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Annual Lunch and Visit to the Lines of Torres Vedras

On Saturday, 23rd January, the British Historical Society of Portugal held their annual lunch with a guest speaker, followed by a visit to the Lines of Torres Vedras Visitors’ Centre at Sobral de Monte Agraço and the nearby Manueline Church of São Quintino.


On the drive to the Portal do Moinho restaurant at Pero Negro, which is set in the verdant countryside of the Lines of Torres Vedras, Mark Crathorne pointed out the various hills where Wellington had ordered the construction of redoubts and forts, and also Mount Socorro, where the Royal Navy operated one of the nine signal stations and Quinta dos Freixos, where Wellington established his headquarters in 1810.



Before a sumptuous three-course lunch, our old friend David Evans gave us a fascinating talk on “The pretext of a painting”, which tells a story based around a painting by Constance, Lady Wenlock – who was a member of the social clique called “the Souls’, which included Oscar Wilde, Arthur Balfour and Lord Curzon, amongst others. The connection with Portugal was that David had purchased an original painting by Lady Wenlock at the “Feira de Ladra” flea market in Lisbon!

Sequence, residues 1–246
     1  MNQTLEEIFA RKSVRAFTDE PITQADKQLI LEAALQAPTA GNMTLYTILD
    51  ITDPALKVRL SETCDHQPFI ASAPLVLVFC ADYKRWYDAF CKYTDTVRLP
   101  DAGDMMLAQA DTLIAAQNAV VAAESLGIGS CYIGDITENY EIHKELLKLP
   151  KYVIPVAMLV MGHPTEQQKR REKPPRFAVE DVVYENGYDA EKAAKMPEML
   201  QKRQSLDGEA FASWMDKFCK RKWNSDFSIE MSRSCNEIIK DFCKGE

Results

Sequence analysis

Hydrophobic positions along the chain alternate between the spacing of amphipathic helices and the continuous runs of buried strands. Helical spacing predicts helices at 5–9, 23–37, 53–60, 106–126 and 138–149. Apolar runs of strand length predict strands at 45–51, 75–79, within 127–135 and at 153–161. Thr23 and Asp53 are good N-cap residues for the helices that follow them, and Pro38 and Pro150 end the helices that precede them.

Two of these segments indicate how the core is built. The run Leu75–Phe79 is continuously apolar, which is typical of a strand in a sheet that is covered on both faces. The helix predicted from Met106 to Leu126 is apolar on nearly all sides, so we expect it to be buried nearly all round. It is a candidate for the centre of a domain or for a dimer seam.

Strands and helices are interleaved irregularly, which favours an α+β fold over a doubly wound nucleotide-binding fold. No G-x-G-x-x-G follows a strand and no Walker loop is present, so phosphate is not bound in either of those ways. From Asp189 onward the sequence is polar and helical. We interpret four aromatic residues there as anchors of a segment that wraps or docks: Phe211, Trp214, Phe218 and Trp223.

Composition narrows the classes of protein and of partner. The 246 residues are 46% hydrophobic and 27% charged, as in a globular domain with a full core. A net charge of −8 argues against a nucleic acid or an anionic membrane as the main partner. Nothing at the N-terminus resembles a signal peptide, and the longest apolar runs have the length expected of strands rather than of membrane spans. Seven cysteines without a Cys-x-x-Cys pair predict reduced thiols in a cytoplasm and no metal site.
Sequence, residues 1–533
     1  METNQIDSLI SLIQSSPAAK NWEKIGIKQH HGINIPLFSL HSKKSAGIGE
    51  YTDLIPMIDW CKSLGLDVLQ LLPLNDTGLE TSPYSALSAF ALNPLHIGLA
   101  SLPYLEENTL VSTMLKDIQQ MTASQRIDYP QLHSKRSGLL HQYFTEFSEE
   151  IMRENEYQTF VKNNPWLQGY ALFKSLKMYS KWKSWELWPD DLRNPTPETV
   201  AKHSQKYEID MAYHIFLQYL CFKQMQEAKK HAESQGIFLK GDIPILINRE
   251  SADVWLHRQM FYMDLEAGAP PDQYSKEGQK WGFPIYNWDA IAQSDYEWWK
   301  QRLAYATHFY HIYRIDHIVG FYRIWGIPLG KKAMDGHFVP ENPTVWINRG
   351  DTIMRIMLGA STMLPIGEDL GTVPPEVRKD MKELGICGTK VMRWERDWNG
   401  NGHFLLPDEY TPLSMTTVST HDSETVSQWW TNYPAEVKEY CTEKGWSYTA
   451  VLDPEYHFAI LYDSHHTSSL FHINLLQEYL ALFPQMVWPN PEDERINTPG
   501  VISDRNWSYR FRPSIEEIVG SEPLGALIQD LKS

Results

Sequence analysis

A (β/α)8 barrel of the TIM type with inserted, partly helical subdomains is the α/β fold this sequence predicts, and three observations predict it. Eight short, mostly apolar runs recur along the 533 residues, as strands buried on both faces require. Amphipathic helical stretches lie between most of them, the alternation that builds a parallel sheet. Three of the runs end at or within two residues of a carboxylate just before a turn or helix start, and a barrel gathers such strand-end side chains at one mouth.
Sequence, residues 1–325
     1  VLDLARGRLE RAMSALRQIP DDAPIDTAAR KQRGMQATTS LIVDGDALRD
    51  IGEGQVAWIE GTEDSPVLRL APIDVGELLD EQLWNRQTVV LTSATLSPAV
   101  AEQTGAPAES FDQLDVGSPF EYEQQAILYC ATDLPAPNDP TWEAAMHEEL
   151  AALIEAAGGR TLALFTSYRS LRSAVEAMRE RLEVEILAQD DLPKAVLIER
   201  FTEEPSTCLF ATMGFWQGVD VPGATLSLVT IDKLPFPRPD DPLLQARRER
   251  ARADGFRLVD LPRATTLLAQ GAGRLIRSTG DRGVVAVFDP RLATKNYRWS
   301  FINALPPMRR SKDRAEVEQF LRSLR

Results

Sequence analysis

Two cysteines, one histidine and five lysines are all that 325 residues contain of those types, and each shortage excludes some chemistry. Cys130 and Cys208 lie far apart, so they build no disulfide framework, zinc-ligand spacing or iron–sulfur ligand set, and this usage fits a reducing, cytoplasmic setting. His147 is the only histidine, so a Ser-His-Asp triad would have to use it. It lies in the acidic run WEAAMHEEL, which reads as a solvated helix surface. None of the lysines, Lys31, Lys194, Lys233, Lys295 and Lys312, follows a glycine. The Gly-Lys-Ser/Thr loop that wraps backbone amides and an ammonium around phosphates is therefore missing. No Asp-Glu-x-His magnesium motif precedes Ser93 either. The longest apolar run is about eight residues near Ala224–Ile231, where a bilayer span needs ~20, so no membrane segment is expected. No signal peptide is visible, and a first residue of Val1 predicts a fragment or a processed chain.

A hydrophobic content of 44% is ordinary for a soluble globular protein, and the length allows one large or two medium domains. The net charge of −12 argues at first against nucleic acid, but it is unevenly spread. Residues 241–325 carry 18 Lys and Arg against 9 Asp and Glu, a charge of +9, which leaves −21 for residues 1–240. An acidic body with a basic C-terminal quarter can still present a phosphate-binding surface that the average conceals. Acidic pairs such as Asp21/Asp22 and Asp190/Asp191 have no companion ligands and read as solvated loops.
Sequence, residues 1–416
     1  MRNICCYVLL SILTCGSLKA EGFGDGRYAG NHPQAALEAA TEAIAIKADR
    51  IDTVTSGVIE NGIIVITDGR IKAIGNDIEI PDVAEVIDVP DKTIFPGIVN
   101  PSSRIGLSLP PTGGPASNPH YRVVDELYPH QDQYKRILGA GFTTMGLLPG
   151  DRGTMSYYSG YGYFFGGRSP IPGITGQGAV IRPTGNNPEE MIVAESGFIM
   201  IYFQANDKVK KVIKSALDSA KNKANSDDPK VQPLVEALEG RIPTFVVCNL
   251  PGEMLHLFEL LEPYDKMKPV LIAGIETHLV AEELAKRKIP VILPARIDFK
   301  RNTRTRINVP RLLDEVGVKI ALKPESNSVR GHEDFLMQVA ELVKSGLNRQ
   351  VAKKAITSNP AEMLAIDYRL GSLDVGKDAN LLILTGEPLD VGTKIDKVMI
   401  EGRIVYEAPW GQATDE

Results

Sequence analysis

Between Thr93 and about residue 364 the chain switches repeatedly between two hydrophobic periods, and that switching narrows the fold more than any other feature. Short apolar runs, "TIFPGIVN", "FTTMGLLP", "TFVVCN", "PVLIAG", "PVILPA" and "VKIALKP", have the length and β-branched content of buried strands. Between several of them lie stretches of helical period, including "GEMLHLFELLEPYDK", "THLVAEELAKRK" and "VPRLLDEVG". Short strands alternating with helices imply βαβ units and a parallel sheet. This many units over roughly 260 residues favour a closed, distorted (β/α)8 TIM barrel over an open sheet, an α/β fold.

On arrival at Sobral de Monte Agraço, we were shown a 15 minute film on the “Lines of Torres Vedras” followed by a visit to the Interpretation Centre, which is located in the centre of this historic village, partly to commemorate the only major skirmish that took place during the French stand-off in front of the Lines of Torres, on the 12th October 1810. We were pointed out a house on the other side of the square, next to the church, where General Junot had stayed in 1808, during the First French Invasion of Portugal, as he was friendly with the owner, the Conde do Sobral, who was an ‘Afrancesado’!



Our last stop was to visit the Church of São Quintino, whose construction started in 1520, most likely on the site of the 1220 church denominated ‘Santa Maria de Monte Agraço’. This was the last Manueline monument to be built, in honour of the French Saint Quentin, and we revelled in seeing the exquisite 16th and 17th Century tiles that cover it from floor to ceiling, before heading back to Lisbon.



With thanks to Jackie Kennard for the text, and Mark Crathorne and Ian Yarword for the photos.